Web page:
So, as long as I don't need those longer focal lengths, I can actually get closer with this lens than with this lens. In other words, if I investigate my minimum focus distance, I learn that I can get closer with my wide-angle lens than with my longer lens, which might seem counterintuitive simply because we think of long lenses as the way to get close-ups. This brings us to our next question. When working close-up, is it better to shoot with a shorter or longer focal length? We are going to look at that question in the next movie.

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This video is part of

Image for Foundations of Photography: Macro and Close-Up
Foundations of Photography: Macro and Close-Up

47 video lessons · 15178 viewers

Ben Long
Author

 
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  1. 3m 54s
    1. Welcome
      2m 17s
    2. What you need to know for this course
      1m 37s
  2. 20m 33s
    1. What is close up?
      2m 21s
    2. Understanding minimum focus distance
      3m 55s
    3. Comparing wide lens and telephoto
      1m 55s
    4. Understanding depth of field and focus
      2m 11s
    5. Working with extension tubes
      4m 30s
    6. Working with close-up lenses
      5m 41s
  3. 28m 7s
    1. What is a macro photo?
      4m 15s
    2. Understanding how to shoot macro with a reversed lens
      5m 37s
    3. Using a point-and-shoot camera for macro
      1m 55s
    4. Working with backdrops for macro
      3m 45s
    5. Practicing macro by shooting in the kitchen
      12m 35s
  4. 58m 38s
    1. Choosing a macro lens
      2m 4s
    2. Exploring macro lens features: Focal length
      3m 16s
    3. Understanding macro lens shutter speed
      7m 6s
    4. Shooting basics with a macro lens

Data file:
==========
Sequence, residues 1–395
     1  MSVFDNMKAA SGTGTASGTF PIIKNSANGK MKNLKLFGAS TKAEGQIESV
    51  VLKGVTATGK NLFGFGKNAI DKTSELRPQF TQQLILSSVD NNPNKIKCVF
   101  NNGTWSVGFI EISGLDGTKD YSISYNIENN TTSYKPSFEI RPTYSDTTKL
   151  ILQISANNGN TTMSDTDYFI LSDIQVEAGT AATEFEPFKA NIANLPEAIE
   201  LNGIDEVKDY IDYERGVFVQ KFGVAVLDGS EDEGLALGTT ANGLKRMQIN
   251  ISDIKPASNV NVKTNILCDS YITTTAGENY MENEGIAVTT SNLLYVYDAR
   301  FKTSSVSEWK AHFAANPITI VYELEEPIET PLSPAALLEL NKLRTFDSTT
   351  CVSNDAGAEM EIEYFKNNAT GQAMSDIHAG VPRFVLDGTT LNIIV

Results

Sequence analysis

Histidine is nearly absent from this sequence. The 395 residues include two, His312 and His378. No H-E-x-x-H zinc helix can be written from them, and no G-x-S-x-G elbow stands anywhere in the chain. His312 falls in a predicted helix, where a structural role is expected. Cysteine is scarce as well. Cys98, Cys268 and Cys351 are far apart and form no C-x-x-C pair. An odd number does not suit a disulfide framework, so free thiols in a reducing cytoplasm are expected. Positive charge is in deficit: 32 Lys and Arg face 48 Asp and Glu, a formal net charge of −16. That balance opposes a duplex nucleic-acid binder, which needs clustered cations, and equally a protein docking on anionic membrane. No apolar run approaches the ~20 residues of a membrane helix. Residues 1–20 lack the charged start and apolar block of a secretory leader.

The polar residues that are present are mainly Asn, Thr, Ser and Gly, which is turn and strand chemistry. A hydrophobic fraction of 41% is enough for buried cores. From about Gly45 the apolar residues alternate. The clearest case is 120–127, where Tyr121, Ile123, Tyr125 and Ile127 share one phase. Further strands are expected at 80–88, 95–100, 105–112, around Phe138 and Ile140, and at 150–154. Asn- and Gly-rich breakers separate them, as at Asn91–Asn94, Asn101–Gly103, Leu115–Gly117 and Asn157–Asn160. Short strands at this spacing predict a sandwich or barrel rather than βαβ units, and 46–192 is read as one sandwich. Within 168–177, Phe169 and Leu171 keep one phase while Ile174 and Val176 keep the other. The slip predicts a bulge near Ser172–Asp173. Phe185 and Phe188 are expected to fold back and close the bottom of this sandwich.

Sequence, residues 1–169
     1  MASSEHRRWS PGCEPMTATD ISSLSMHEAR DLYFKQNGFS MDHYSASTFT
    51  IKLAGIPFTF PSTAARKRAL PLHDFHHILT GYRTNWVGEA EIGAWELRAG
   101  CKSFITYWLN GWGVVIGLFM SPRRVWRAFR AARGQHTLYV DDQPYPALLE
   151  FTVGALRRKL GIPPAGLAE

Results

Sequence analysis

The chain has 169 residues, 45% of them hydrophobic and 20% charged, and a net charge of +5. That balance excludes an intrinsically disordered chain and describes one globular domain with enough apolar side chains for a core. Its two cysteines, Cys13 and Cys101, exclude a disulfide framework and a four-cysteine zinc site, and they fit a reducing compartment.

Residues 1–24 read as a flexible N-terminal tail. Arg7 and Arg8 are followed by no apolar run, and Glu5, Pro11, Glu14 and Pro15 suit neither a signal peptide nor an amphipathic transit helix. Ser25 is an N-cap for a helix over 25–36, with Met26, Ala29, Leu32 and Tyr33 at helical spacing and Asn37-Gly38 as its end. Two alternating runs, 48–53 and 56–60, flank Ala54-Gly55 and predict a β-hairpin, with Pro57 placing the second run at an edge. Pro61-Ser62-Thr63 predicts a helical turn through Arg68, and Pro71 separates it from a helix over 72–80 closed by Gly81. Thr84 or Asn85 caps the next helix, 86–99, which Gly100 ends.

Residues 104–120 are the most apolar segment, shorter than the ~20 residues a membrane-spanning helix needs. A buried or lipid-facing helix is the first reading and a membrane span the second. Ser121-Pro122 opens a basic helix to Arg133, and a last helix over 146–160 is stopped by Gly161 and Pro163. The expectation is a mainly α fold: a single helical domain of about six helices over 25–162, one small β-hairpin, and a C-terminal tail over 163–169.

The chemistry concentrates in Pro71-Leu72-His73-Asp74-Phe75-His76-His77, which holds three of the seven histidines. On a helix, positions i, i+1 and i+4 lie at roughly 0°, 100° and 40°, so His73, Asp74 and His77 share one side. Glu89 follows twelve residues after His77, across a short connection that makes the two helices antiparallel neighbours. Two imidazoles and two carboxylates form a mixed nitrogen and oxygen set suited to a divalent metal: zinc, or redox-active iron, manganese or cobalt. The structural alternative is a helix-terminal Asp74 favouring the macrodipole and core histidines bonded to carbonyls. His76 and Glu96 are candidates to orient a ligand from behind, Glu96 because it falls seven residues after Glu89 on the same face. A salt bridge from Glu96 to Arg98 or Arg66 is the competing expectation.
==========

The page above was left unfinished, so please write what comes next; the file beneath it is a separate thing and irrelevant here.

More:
8m 24s
    5. Getting closer with macro lenses and extension tubes
      11m 13s
    6. Working with depth of field and macro
      5m 1s
    7. Understanding depth and composition in macro
      6m 43s
    8. Working with subject holders and support
      6m 36s
    9. Shooting with the Canon 65 mm
      8m 15s
  5. 13m 12s
    1. Working with macro stabilizing options
      5m 45s
    2. Working with sliders for macro
      2m 44s
    3. Working with a bellows
      1m 55s
    4. Working with viewfinders in macro
      2m 48s
  6. 52m 59s
    1. Working with direct light
      6m 13s
    2. Macro and the angle of light
      2m 24s
    3. Augmenting direct light with reflectors
      6m 42s
    4. Continuous lighting to add fill to a macro shot
      5m 55s
    5. Lighting your macro scene with continuous light
      4m 50s
    6. Lighting the macro scene with strobes
      4m 59s
    7. Setting up a macro-specific flash unit
      3m 21s
    8. Shooting with the Canon Macro Twin Lite
      7m 56s
    9. Shooting macro in a light tent
      3m 31s
    10. Shooting macro on a light table
      7m 8s
  7. 19m 44s
    1. Field shooting for macro, starting at home
      7m 5s
    2. Managing backgrounds in the field
      7m 39s
    3. Shooting macro water droplets
      5m 0s
  8. 56m 19s
    1. Creating a simple manual focus stack
      4m 40s
    2. Creating a focus stacked image with manual merge
      6m 17s
    3. Creating a focus stacked image using Helicon Remote
      11m 6s
    4. Working with a StackShot rail for focus stacking
      11m 46s
    5. Merging a focus stack with Photoshop
      11m 12s
    6. Merging photo stacks with Helicon
      6m 53s
    7. Understanding the aesthetics of depth of field
      4m 25s
  9. 1m 5s
    1. Next steps
      1m 5s